Because friends are usually the first person a victim talks to, your role as a friend is important in the early stages of recovery.
Here are some tips to help you along the way:
- Believe what has happened. One of the most critical keys to a survivor’s recovery is how the people they talk to respond. Listen and believe the survivor. It takes a lot of courage for someone to share what has happened and they trust you to help.
- Offer safety and support. Sexual assault is traumatic. It is often difficult for someone who has been assaulted to be alone, especially immediately following the assault. Help the victim identify safe individuals to include within their support system.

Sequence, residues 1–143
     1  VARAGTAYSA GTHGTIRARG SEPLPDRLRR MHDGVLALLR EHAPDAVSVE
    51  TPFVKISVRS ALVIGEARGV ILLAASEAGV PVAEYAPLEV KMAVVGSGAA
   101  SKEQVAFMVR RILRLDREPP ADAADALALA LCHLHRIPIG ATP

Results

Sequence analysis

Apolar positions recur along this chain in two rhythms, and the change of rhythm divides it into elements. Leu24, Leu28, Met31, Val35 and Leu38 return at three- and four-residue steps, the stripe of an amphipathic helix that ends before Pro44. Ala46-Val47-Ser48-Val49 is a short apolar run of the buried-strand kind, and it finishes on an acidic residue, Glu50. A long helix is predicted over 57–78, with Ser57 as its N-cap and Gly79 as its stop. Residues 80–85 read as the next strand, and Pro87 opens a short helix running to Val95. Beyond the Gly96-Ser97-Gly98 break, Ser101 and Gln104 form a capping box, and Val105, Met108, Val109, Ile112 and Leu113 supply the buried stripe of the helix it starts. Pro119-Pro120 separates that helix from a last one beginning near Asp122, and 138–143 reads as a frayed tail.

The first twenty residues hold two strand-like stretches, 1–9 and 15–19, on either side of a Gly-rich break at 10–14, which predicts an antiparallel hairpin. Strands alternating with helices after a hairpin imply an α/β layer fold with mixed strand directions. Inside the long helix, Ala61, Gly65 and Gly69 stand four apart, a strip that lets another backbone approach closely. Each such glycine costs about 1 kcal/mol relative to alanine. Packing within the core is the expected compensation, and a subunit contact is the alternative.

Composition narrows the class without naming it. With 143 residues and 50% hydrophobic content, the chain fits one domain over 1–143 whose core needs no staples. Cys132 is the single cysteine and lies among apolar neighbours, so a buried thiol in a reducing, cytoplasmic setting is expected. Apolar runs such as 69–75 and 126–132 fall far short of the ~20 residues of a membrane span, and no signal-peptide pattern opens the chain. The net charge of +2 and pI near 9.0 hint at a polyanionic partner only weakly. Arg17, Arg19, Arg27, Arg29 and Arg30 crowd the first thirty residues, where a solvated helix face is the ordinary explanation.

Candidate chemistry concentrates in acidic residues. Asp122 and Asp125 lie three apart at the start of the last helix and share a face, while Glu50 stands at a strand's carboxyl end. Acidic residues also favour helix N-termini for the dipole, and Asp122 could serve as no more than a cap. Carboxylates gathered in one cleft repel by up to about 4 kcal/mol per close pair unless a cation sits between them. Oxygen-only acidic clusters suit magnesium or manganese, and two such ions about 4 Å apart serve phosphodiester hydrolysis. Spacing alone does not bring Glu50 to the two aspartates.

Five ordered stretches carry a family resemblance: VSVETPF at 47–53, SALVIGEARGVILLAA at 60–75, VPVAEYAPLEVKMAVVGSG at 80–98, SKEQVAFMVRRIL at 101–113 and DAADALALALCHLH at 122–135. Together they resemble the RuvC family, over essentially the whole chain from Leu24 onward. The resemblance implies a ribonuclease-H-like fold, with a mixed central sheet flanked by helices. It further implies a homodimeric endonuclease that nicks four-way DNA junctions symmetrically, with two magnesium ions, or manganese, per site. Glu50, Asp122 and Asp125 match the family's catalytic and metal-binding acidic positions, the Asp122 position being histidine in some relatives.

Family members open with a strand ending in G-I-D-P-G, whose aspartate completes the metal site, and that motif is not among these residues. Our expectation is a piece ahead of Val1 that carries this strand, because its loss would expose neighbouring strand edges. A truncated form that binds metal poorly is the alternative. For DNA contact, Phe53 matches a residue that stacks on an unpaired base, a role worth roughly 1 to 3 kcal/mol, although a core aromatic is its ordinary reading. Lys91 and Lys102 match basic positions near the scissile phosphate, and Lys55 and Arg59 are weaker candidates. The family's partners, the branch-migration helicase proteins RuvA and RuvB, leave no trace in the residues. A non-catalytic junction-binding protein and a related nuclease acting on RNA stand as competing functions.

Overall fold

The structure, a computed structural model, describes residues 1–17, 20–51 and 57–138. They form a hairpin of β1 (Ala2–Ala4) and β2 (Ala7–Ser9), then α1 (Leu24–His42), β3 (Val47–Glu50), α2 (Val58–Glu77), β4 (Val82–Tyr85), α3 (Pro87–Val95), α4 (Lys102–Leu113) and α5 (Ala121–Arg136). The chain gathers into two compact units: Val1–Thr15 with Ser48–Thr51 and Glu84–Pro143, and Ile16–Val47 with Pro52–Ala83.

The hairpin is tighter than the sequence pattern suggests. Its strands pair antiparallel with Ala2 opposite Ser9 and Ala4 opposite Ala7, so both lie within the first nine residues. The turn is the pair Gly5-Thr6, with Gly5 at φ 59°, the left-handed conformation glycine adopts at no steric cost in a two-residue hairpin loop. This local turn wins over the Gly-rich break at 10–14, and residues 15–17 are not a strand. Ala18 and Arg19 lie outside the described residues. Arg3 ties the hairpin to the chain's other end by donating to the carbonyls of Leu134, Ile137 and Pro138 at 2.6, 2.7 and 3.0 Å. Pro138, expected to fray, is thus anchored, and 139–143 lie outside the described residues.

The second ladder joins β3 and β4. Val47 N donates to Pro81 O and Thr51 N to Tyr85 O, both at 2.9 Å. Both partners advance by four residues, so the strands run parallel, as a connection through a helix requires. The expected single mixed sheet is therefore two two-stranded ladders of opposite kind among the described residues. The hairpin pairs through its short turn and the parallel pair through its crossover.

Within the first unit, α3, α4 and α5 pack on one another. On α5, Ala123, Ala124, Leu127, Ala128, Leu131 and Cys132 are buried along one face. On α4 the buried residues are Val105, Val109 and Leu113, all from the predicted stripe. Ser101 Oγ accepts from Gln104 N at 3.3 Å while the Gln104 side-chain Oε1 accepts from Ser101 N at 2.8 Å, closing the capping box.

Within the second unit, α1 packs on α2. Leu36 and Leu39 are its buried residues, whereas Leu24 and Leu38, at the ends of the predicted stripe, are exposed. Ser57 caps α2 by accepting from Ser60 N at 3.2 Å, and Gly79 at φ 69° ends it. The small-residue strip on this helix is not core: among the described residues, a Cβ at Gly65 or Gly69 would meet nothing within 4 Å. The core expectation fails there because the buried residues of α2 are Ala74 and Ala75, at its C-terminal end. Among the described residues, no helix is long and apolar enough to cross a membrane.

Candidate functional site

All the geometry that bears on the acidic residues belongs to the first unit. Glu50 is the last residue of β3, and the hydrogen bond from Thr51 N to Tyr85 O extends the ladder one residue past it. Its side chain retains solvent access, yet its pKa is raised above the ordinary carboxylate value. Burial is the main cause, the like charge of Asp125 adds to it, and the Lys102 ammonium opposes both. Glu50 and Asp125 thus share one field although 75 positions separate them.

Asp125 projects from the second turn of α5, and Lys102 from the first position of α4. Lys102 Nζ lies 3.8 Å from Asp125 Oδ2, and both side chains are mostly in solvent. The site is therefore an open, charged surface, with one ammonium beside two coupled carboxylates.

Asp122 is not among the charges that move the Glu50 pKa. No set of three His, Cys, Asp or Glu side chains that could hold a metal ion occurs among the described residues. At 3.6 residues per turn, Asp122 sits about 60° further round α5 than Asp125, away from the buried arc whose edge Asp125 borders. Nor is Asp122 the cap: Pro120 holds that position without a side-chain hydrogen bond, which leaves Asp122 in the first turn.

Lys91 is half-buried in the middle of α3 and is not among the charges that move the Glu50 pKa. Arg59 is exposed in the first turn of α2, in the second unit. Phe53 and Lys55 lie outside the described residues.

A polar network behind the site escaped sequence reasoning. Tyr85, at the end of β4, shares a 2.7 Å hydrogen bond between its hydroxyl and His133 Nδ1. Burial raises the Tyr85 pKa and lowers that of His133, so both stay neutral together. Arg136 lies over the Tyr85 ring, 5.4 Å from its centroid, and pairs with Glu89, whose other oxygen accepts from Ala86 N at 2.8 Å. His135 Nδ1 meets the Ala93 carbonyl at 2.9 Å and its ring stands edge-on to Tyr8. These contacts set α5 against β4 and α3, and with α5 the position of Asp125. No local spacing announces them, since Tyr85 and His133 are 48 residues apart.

- Listen, but don’t press for details. This often results in the victim feeling blamed. Let them decide how much to share and when.
- Offer information and choices. Seeking assistance from any resource must always be the survivor’s choice. Sexual assault victims experience extreme loss of control and part of their recovery involves regaining control over their choices, even if they are different than your own. Provide them with campus and community resources and respect their decisions.
- Respect privacy. It is important not to share information about the assault with others who are not involved. If you do need to share information, get the survivor’s permission by letting them know who you will speak to and what you need to say.
- Take care of yourself. Supporting a survivor is hard work. Be sure to get plenty of rest and some time for yourself. Seeking counseling to get support for yourself can help and keep you from burning out on your friend.